Medical scholars and their board of visitors sponsors at a dinner last spring in downtown Baltimore.

Stapleton was an undergrad at UCLA headed for a career as a professional volleyball player when a stint spent cleaning up at the World Trade Center site in late 2001 inspired the 6-foot 8-inch athlete to change course. Like Garcia, he had his pick of medical schools; the board of visitors’ scholarship tipped the balance in favor of Hopkins.

Now a second-year student, he and Garcia say that in class, lack of inclusion manifests itself in subtle ways. “While students are presented with human subjects research involving Caucasians or African Americans,” says Garcia, “there is no research on the Latino community.”

Change won’t happen all by itself, she continues. “We’re still at the point where actions need to be imposed. The numbers of minorities in medical school are abysmally low, not just at Johns Hopkins. It’s important to recognize this now, or it will be more of a problem in 10 or 20 years.”

Stapleton, though, cautions against overemphasizing diversity. “In class,” he says, “no one is aware of who’s African American or Asian or Caucasian. We’re all just students in class. You don’t feel as though you’re in this stuffy, white-man environment, but that you’re with people.”

And both he and Garcia say their class is tremendously diverse in ways other than race and ethnicity. Many minorities are not here on scholarships, they make clear, and one board of visitors’ scholar is not a minority.

“As medical scholars we’re not some kind of select group,” Stapleton insists. “We’re here because, just like everyone else, we worked hard.”

Anne Bennett Swingle

Meyerhoff Professorship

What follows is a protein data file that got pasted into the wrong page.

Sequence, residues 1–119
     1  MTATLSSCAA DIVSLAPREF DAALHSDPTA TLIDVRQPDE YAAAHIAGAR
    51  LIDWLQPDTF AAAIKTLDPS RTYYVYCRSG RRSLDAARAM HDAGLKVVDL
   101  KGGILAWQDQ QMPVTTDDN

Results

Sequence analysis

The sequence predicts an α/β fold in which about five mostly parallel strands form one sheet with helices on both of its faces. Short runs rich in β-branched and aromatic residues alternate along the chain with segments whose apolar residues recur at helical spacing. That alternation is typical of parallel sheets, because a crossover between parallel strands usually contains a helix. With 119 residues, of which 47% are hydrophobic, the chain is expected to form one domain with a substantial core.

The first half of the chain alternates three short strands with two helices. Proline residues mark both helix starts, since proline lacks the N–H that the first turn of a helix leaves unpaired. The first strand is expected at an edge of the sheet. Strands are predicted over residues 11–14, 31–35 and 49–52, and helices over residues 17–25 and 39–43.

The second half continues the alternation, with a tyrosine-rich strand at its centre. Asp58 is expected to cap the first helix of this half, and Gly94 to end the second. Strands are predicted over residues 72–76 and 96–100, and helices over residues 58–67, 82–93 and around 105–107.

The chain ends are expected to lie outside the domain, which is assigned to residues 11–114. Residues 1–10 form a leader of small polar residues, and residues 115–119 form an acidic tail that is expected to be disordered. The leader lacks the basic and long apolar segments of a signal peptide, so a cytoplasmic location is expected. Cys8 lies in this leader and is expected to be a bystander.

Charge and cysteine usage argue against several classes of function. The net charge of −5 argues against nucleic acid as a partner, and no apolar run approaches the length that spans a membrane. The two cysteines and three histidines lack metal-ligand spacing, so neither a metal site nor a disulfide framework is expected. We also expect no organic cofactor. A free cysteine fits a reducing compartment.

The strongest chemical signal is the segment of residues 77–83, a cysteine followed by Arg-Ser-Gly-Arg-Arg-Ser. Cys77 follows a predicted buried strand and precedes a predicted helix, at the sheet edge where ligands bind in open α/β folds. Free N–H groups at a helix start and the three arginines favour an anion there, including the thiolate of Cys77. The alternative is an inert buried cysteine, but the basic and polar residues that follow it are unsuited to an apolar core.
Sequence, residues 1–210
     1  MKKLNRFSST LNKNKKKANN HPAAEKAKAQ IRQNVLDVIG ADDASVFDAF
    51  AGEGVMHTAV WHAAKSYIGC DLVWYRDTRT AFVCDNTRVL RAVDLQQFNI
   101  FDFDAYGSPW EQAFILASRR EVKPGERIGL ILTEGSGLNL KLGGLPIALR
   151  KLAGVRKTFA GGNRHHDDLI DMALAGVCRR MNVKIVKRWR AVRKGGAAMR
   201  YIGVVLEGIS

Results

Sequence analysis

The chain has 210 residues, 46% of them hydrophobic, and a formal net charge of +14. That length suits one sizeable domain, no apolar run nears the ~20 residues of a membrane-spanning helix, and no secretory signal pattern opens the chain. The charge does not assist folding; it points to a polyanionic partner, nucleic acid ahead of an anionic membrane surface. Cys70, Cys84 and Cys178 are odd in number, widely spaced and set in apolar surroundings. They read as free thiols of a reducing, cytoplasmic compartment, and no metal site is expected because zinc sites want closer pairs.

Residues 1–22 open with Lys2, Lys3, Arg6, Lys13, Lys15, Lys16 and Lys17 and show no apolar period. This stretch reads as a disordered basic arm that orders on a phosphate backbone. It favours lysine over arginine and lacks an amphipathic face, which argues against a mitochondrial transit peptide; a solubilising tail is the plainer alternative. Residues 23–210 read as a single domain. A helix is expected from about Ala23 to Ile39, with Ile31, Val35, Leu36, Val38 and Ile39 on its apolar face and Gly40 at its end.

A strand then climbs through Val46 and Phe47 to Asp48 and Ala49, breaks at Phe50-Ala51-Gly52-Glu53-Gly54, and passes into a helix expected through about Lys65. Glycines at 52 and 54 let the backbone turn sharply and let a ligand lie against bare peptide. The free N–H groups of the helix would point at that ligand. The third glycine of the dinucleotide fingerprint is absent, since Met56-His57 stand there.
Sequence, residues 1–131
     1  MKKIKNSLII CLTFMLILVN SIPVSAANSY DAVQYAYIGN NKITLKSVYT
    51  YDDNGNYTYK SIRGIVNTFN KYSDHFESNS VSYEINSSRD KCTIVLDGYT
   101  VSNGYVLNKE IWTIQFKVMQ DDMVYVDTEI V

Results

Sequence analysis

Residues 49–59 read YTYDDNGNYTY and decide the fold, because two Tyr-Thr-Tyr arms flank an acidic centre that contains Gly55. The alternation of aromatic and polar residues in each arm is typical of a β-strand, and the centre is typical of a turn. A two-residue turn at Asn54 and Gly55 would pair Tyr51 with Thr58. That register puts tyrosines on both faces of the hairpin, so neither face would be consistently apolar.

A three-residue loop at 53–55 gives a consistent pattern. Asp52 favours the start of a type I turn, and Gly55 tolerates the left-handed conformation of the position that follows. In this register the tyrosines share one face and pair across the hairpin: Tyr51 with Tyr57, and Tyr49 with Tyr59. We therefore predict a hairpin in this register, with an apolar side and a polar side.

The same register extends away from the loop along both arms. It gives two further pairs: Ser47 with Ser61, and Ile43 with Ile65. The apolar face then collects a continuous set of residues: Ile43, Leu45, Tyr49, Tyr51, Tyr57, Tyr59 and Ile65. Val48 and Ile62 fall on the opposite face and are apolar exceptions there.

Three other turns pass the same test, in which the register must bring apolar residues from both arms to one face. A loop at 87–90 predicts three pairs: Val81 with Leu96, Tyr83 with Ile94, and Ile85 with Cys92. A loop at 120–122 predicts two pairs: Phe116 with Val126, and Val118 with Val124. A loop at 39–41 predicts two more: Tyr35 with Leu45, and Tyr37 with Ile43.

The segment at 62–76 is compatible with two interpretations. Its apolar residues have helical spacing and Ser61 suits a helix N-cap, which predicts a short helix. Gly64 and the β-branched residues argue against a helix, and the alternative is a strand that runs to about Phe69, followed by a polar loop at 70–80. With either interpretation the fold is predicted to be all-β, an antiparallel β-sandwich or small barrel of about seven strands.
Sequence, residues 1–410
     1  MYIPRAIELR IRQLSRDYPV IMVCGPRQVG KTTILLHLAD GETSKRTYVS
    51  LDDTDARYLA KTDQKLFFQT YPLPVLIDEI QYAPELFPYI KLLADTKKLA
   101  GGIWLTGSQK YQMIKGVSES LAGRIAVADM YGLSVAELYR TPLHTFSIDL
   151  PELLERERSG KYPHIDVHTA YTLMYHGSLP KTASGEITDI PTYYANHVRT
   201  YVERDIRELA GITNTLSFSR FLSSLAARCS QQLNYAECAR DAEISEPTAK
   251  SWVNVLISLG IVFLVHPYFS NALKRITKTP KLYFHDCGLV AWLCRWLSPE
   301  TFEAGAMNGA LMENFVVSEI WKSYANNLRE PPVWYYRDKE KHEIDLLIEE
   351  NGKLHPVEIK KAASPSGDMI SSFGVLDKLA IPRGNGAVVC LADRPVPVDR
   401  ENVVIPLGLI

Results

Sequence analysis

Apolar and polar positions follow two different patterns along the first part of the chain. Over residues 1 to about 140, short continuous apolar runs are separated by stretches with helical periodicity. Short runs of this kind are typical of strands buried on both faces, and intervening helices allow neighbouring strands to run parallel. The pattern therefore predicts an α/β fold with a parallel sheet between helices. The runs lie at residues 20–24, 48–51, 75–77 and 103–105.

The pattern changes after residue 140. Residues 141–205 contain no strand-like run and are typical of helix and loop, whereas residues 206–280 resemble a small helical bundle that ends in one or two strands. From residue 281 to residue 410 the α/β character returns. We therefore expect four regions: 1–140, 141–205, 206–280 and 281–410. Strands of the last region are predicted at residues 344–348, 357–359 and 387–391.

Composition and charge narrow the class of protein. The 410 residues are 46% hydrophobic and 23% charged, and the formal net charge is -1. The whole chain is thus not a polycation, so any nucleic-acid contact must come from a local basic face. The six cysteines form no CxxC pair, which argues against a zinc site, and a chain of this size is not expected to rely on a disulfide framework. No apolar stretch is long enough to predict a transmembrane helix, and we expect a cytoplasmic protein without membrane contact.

A new professorship designed to attract exceptionally promising underrepresented minorities to the faculty has been endowed by Baltimore-area philanthropist Robert Meyerhoff and his late wife, Jane.

The Robert and Jane Meyerhoff Professorship will make it possible for the School of Medicine to recruit junior faculty members committed to increasing opportunities for minorities. It will support a junior faculty member for three to five years, then be made available to another promising scholar, and rotate into the future, thereby changing the composition of faculty and students for generations to come.

In 1989, at University of Maryland Baltimore County, the Meyerhoffs established the Meyerhoff Scholars Program, a leading science-education initiative directed primarily at young African Americans. Many Meyerhoff scholars have been students in Hopkins’ research labs, and others have been in medical school classes at the School of Medicine.

A natural extension of the Meyerhoff Scholars Program, the professorship will be overseen by an advisory group consisting of vice deans for faculty and education and senior faculty members. Scholars will be selected through a national search.